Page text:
“Garage Triennial of Contemporary Art”
Garage Museum of Contemporary Art
Krimsky Val, 9с32, Moscow, Russia
March 10- May 14, 2017
The Garage Museum of Contemporary Art will hold the first recurring exhibition called “Garage Triennial of Contemporary Art,” from March 10–May 14, 2017 in Moscow, Russia. Lead by Garage Chief Curator, Kate Fowle, the triennial is dedicated to Russian art from the last five years (2012–2016). A concurrent exhibition of primary material sourced from Garage Archive will provide a historical counterpart to the Triennial.
Russia is not well-known for contemporary art but in recent years, international biennials have introduced Russian artists to audiences. Garage Triennial aims to introduce Russian contemporary art to the world stage. Just as the Revolution encouraged Russia’s first Avant Garde, Garage is looking to spur the next. Launching on the 100th anniversary of the Russian Revolution, Garage aims to make a progressive statement on the fresh perspective of the new generation’s social and cultural tendencies.
The exhibition explores the complicated matter of national and cultural identity, which stretches from mega-cities to small towns, the shores of the Black Sea to the Pacific coast, and Siberia to the Caucasus. By focusing exclusively on artists within the Russian Federation, the Garage Triennial represents the massive geographic range of Russia through its cultural variety. Each of the artists featured belong to one of 200 nationalities that inhabit the Russian Federation and speak one of the 100 languages registered within the territory; however they are all a representation of Russian culture. The 2017 Garage Triennial will be the first time this vast artistic landscape has been surveyed and presented to the public.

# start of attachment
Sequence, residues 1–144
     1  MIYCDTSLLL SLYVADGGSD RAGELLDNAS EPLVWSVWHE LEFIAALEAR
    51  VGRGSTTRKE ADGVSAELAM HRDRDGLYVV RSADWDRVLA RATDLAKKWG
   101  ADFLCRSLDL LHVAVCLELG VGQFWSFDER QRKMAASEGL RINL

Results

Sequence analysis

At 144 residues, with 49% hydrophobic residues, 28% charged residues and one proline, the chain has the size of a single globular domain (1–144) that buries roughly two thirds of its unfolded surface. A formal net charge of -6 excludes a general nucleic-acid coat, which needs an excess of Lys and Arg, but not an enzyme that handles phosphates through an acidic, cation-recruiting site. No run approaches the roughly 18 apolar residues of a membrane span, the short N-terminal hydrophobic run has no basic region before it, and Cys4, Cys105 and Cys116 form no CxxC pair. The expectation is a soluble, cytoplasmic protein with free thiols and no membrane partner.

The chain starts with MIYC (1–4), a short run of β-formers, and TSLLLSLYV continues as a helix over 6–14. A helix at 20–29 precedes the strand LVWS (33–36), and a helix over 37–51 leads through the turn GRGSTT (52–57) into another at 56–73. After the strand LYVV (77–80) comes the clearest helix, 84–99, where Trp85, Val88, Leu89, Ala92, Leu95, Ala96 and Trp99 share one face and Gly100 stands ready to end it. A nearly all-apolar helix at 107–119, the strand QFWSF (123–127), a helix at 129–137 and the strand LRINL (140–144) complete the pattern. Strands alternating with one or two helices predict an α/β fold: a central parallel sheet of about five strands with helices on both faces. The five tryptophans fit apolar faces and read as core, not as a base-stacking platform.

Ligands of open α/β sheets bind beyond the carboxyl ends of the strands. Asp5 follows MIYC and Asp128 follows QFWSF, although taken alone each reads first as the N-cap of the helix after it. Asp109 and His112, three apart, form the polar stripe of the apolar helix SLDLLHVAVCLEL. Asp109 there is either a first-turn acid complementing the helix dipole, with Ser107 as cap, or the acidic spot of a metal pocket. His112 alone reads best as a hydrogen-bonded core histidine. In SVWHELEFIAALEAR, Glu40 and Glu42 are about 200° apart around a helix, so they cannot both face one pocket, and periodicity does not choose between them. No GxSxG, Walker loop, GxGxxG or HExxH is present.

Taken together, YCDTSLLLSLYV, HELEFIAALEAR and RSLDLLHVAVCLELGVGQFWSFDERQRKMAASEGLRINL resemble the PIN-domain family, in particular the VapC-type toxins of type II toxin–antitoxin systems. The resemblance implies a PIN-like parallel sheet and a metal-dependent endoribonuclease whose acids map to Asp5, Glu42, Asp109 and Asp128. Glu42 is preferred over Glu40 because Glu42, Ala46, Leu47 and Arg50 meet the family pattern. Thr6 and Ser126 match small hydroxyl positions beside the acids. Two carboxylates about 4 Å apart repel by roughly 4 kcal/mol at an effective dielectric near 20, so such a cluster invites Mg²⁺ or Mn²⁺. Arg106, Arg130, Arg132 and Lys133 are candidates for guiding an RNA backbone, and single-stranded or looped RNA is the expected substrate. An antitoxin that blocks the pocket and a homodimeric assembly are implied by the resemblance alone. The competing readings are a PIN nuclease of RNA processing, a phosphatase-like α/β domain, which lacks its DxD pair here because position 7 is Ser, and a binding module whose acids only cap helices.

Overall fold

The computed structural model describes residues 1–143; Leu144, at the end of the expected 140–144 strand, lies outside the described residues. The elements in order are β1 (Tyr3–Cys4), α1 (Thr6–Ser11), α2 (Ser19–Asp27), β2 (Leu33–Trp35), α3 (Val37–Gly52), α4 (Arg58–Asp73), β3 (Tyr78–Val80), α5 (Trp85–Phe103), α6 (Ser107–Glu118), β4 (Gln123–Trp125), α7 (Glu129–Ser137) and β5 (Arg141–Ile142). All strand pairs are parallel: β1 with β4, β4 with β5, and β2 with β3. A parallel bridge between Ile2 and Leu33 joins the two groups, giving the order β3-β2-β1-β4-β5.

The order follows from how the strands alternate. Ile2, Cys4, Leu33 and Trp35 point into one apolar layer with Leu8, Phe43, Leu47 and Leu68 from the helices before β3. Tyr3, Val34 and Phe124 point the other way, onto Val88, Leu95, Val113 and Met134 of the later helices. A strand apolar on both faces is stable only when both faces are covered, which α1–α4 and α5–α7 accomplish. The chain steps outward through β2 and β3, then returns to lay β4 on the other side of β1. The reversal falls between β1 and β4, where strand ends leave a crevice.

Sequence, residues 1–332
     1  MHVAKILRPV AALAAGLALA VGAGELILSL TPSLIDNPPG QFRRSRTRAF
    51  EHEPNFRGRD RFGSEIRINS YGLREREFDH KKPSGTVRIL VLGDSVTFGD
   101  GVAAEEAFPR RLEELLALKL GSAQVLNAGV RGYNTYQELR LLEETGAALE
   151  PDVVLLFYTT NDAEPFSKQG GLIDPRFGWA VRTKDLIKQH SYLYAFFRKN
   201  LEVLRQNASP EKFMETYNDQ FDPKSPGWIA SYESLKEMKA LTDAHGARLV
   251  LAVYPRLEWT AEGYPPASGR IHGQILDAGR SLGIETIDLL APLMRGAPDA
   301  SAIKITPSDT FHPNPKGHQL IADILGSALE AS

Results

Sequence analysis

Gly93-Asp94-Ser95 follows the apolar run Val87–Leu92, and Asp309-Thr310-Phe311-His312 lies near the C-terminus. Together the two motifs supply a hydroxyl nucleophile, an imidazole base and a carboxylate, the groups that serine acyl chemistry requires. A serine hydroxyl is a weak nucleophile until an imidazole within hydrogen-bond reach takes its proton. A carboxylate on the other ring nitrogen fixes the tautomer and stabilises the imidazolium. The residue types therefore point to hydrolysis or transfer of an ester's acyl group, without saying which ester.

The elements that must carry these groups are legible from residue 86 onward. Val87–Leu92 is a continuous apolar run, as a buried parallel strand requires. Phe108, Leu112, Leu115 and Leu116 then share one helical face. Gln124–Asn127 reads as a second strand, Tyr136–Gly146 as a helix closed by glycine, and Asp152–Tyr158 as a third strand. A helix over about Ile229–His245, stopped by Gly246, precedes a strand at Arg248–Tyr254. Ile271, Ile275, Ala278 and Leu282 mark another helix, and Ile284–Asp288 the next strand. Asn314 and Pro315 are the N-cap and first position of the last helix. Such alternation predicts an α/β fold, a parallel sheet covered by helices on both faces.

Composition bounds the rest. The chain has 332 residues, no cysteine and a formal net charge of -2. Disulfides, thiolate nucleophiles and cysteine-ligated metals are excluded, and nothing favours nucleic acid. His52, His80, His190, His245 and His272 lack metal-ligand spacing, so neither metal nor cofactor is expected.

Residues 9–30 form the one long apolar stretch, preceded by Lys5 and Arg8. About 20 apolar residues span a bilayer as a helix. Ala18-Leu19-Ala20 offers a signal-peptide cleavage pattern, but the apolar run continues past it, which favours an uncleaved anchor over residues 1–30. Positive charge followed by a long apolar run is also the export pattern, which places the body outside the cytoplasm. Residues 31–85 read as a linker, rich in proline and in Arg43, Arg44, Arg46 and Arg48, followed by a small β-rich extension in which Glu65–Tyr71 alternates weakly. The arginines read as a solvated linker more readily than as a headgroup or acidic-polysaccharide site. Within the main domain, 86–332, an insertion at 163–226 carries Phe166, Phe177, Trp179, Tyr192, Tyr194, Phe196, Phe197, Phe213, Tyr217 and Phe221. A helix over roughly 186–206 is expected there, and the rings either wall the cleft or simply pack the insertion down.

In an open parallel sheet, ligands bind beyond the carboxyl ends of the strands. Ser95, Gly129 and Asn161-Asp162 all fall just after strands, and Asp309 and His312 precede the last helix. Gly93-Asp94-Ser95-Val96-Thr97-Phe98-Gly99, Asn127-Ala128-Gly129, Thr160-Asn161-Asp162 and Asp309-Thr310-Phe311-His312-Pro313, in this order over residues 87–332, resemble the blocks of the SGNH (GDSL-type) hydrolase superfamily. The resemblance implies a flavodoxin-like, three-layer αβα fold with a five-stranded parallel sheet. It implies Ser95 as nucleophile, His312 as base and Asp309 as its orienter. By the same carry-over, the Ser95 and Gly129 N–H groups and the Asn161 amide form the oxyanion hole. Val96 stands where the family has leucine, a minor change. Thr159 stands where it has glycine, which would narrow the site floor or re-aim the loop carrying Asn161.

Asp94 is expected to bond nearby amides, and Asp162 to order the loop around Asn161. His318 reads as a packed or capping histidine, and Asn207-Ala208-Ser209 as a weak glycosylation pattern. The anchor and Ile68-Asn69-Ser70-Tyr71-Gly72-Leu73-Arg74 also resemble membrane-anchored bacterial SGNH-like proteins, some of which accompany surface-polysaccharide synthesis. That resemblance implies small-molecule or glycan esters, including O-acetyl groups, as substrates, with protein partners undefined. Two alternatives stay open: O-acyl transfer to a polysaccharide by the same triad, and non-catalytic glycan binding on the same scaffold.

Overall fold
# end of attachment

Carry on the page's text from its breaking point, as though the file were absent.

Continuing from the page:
Leading up to the Triennial, Garage curators have visited local institutions and individuals in more than 40 Russian cities, not only selecting artists for the exhibition, but documenting the local communities for Garage Archive. Research is taking place across the country’s nine regions: the Central, South, North West, Far East, Siberia, Urals, Volga, North Caucasus, and Crimea Federal Districts. It will constitute an atlas of the country’s contemporary art community, featuring descriptions of regional institutions, as well as biographical information on the country’s artists.